Karelyn Campbell

Cell: 250-618-8213 |

One of the most stressful situations in home buying occurs when other buyers are competing for the home you want. To make an offer on the perfect house only to find out you have entered a bidding war is certainly frustrating.


It doesn’t happen often, but if there is a shortage of homes for sale, or you are looking in a particularly sought-after area, it’s a possibility. It’s common to feel helpless as you wait for communications to come back through the agents involved, hoping for some good news.


To that end, I’ve put together some tips for how to make a multiple offer situation as comfortable and successful as possible for my buyers.

  • Pick a real estate agent who is well organized and an exceptional communicator. A lapse in communication could be interpreted as disinterest. Don’t get overlooked because your agent didn’t communicate with the seller’s agent in a timely manner.
  • Have your pre-approval letter or proof of funds in hand. You may have a great offer to submit, but if you can’t back it up with proof you are qualified to purchase the home the seller may just move on. Make a cash offer if you are able. If not, make as large a down payment as possible, and use a lender that communicates effectively with all parties.
  • Offer more than the asking price. Your agent should do a comparative market analysis to give you a good idea on the home value as soon as you decide to make an offer. If it’s not too out of line with the CMA or your budget, offer more than the asking price.
  • Keep your offer clean and simple. Don’t ask for contingencies that aren’t necessary to closing the transaction.
  • Shorten the subject removal period. Asking for a 5 to 7 day inspection period instead of the traditional 14 lets the seller know that you aren’t going to waste anyone’s time. Find a home inspector who has availability to schedule your inspection as soon as your offer is accepted.
  • Have your deposit ready. Offer a deposit that sends the message that you are serious about your offer and have the funds ready to turn in as soon as your offer is accepted.
  • Offer flexibility with your closing date. Convey through your agent that you are willing adjust the closing date to suit the seller’s needs.
  • Include a personal letter with a family photo. Let the seller know who you are, what you like about the home, and that you intend to take good care of their former residence. Let them know what it is about the home that has already made it special to you.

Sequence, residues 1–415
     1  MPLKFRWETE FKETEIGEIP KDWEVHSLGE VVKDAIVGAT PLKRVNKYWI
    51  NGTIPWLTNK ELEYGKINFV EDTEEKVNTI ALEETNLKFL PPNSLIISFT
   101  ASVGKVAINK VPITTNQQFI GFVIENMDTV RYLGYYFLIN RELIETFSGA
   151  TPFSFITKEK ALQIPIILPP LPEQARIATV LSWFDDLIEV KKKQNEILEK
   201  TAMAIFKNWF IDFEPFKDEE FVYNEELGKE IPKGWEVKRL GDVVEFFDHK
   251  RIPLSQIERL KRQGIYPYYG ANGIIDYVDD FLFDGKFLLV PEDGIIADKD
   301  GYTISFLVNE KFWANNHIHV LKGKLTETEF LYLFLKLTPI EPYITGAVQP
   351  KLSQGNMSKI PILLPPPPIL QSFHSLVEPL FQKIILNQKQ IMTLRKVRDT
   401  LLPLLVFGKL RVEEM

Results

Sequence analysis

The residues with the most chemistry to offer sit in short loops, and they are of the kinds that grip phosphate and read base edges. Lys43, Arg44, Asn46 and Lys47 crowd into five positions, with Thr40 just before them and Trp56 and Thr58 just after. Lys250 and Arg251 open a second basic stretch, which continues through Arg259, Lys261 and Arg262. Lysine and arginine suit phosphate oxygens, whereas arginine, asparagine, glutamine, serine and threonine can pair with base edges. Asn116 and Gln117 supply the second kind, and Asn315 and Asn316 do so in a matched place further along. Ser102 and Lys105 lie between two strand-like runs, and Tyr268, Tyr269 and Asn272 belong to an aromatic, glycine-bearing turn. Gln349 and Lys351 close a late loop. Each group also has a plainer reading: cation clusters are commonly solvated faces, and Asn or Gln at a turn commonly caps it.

• Offer an additional deposit after the subject removal period. This is another way to let the seller know you are serious about the house and not just trying to get it off the market while you make up your mind or look further.
  • Consider an escalation clause. Let the seller know that if your offer isn’t the highest you will go up by including a clause stating that you will increase your offer, up to a set price, if the seller shows you a higher offer from another buyer.
  • Be diplomatic with negotiations after your contract is signed. Remember that the seller has other interested parties to fall back on. If you turn ugly after the contract is signed, making additional demands or not following through with your promises, the seller may hand you back your deposit and work with someone else.
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Buying your first home is an exciting step and first-time buyers are eager to skip right to house hunting before they are ready. To avoid disappointment, follow these steps to ensure you are ready and able to make a successful offer on your dream home when you find it. 

  1. SAVE

You’re ready to buy a home. The first thing you need to do is start saving for a downpayment (appx 20% of the purchase price). This may seem like a daunting task but it’s not impossible. Look for ways to earn extra money (freelance, pick up overtime shifts), cut expenses, or invest your savings so that your money is working for you!

  1. Build Your Credit Score

The higher your credit score the lower your interest rate will be so a healthy credit score is essential. Be sure you pay all of your bills on time, start paying off debt, keep credit card balances low and only apply for/close credit cards as absolutely necessary.

  1. Calculate What You Can Afford

As a general rule, you want to spend less than 30% of your monthly income on housing. Calculate your currently monthly payments and what they will be once you purchase a home and compare to your monthly income. 


Things to consider:

  • Income: What is your monthly income?

  • Debt: Add up your monthly payments (car, insurance, mortgage etc.)

  • Closing Costs: how much you will need at closing (adjustments, insurance, taxes, legal fees etc.)

  1. Get Mortgage Pre-Approval

Mortgage brokers have access to products from multiples sources so they can shop around for the best deal on your behalf. They will review your income, expenses, and credit score to determine what size of loan you qualify for. Once you are pre-approved, you can shop with confidence for homes at or below your approved price-point. 


What you will need to get pre-approved:

  • Proof of income

  • Proof of assets

  • Good credit

  • Employment verification

  • Documentation (ID)

  1. Decide What You Want In A Home

Visit different neighbourhoods to narrow your search. Create a checklist and be realistic about what you can afford and what you are willing to compromise on. 

  1. Choose A Realtor

An experienced REALTOR can be a valuable source of expert advice and local market information. They will guide you through the process, and act as your advocate when negotiating and closing a deal. 

  1. START LOOKING FOR HOMES

Now the fun begins: you are ready to start looking at homes! Visit open houses and tour homes with your REALTOR. 


Happy House Hunting!

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